“Being Evel,” a new documentary about Butte’s most infamous son, works hard to capture Evel Knievel as he really was—a monumental daredevil and self-promoter who could also be a selfish jerk.
The film presents abundant evidence for his having been a jerk. There’s talk about his pursuit of lowlife crime as a young man, and footage of a surly Knievel cursing at the press corps before his big jump over the Snake River Canyon.
There is Knievel bragging about his relentless womanizing, despite his decades-long marriage to the former Linda Bork, and Knievel talking unapologetically about attacking his one-time promoter with a baseball bat.
And yet, when the 102-minute documentary ends, what lingers is a sense of the comic-book extravagance of his one-of-a-kind life, of a striver who invented not only himself but a whole new genre of sports and entertainment.
One of the producers of the film was Johnny Knoxville, of “Jackass” fame, who apparently idolized Knievel but then made a mockery of dare-deviltry, transforming it from a near-mythic assertion of individuality to a collection of frat-boy stunts filmed with a hand-held camera. But Knoxville, who is one of many fans and friends of Knievel’s interviewed for the documentary, is right about Knievel’s place in American history.
He called Knievel a “superhero,” the man who singlehandedly invented extreme sports. “That’s such a large part of our culture now,” Knoxville says. “He inspired all that.”
Knoxville also delivers a succinct, memorable description of Knievel’s career: “It’s a crazy story. It’s just fast, faster, disaster.”
Knievel movie opens Friday at downtown theater
Thanks to the latest theater to open in Billings, Art House Cinema & Pub, locals will be among a small group of people able to watch “Being Evel” when it premieres Friday night.
Ryan Kabeary, manager of the independent theater at 109 N. 30th St., said “Being Evel” will open Friday at just 15 theaters in the United States and one in Toronto, Canada.
Here are show times for the movie at Art House Cinema:
This week: Friday, 6 and 8:15 p.m.; Saturday, 1:30, 6 and 8:15 p.m.; Sunday, 12:30 p.m..
Next week: Wednesday, 6 and 8:15 p.m.; Thursday, no showings (Alive After 5, sponsored by Pug Mahon’s, will be on North 30th outside the theater); Friday, 6:15 p.m.; Saturday, 2 and 6:15 p.m..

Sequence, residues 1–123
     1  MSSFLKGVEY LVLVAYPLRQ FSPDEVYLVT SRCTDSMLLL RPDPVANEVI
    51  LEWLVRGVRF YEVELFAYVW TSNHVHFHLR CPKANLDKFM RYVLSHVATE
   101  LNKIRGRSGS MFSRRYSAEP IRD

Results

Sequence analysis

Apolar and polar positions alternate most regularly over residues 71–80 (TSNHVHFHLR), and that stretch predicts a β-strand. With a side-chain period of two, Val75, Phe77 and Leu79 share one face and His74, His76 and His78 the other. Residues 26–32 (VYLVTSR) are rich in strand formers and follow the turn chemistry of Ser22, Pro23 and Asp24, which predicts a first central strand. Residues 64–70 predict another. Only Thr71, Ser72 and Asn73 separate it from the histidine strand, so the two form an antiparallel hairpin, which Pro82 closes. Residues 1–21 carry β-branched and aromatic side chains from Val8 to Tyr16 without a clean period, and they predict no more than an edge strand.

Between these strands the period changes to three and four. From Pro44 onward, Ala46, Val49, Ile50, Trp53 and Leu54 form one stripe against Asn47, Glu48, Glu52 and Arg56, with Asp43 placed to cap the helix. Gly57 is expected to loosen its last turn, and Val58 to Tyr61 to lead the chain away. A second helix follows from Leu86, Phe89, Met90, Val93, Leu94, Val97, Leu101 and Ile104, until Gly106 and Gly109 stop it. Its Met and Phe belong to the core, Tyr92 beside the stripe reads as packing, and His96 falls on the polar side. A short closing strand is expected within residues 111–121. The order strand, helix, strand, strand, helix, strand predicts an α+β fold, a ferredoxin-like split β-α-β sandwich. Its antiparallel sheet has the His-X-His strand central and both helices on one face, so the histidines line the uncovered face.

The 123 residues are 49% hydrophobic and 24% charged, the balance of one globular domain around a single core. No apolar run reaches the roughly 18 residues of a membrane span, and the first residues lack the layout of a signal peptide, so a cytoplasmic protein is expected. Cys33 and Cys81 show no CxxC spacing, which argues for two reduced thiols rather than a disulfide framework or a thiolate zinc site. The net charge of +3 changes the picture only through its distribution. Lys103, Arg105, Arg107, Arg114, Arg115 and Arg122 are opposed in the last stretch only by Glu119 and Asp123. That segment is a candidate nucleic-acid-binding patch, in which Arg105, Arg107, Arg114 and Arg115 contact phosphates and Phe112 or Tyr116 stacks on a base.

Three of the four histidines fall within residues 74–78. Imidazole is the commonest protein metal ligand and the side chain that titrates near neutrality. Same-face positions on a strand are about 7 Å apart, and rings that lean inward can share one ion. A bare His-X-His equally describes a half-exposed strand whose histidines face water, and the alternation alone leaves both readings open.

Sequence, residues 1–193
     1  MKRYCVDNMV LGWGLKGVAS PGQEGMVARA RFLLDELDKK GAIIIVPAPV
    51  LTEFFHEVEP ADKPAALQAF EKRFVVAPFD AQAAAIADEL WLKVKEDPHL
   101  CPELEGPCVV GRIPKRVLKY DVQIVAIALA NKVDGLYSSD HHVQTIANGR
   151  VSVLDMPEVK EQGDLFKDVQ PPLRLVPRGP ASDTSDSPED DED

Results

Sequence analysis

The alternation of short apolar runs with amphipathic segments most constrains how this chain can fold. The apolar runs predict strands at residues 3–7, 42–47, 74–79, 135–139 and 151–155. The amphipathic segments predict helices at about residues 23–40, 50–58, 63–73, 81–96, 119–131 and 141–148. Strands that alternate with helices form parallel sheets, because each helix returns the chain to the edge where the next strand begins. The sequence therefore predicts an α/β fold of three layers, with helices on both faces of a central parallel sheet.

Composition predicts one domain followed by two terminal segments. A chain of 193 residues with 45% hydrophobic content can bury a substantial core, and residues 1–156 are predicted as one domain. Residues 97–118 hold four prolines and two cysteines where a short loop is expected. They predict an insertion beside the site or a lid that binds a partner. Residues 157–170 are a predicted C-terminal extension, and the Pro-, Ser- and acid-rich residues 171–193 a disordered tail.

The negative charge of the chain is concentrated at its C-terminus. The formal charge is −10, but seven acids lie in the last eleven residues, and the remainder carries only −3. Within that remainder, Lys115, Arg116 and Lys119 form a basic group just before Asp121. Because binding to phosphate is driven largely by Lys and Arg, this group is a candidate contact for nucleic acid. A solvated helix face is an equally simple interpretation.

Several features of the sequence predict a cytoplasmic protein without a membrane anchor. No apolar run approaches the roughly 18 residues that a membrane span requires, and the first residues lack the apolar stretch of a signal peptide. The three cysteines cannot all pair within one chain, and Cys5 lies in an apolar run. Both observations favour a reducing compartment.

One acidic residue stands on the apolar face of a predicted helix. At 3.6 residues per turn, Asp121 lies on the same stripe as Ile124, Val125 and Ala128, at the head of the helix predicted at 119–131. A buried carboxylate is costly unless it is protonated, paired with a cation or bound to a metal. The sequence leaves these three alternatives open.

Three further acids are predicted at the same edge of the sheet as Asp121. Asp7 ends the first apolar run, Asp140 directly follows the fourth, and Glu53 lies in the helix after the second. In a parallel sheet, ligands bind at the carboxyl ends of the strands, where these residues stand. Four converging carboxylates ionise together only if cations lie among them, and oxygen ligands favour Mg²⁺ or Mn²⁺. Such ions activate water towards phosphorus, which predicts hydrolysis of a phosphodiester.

Final shows: Sunday, Aug. 30, 3 p.m.; Wednesday, Sept. 2, 6:15 p.m.; Thursday Sept. 3, 6:15 p.m.
Some other famous people do filmed interviews in this movie, including George Hamilton, who portrayed Knievel in a feature film; Frank Gifford, from “Wide World of Sports”; Geraldo Rivera, the newsman who was nearly as good at self-promotion as Knievel; and Tony Hawk, the former professional skateboarder.
But we also hear from some great Butte characters, including Jim Blankenship, Jim Lynch, Bob Rowling, Ray Gunn, Bill Rundle, Bob Kovasich, Mark Lisac and Knievel’s sons, Robbie and Kelly. A fairly large part is played by former Knievel bodyguard (and now a resident of Billings) Gene “Jump for Jesus” Sullivan.
Some of the best commentary is provided by Knievel’s cousin, Pat Williams, and longtime friend, Bob Pavlovich. Though they are not further identified, Williams, of course, is the former U.S. representative from Montana, and Pavlovich is the former Montana House member and owner of the Met Tavern, one of Knievel’s favorite haunts.
Williams talks about being virtually a brother of Knievel’s when they were kids, and about how tough and bullheaded young Knievel was.
“You couldn’t dare him,” Williams says. “If you dared him, he’d do it.”
Pavlovich mentions, almost in passing, that Knievel once burglarized the Met, as if such a thing was to be expected, and easily forgiven.
I do wish the movie had a little more Butte in it. There is an attempt to explain Knievel’s crazy ambition as a result of having been abandoned by his parents and raised by his grandparents, but I think Butte itself could have had a lot to do with his outlandish persona. In a town so rich in characters, you had to work hard just to distinguish yourself on your home turf.
Possibly there was no explaining Knievel’s unprecedented career. His friend Ray Gunn, without offering any psychological explanations, had this to say in the film: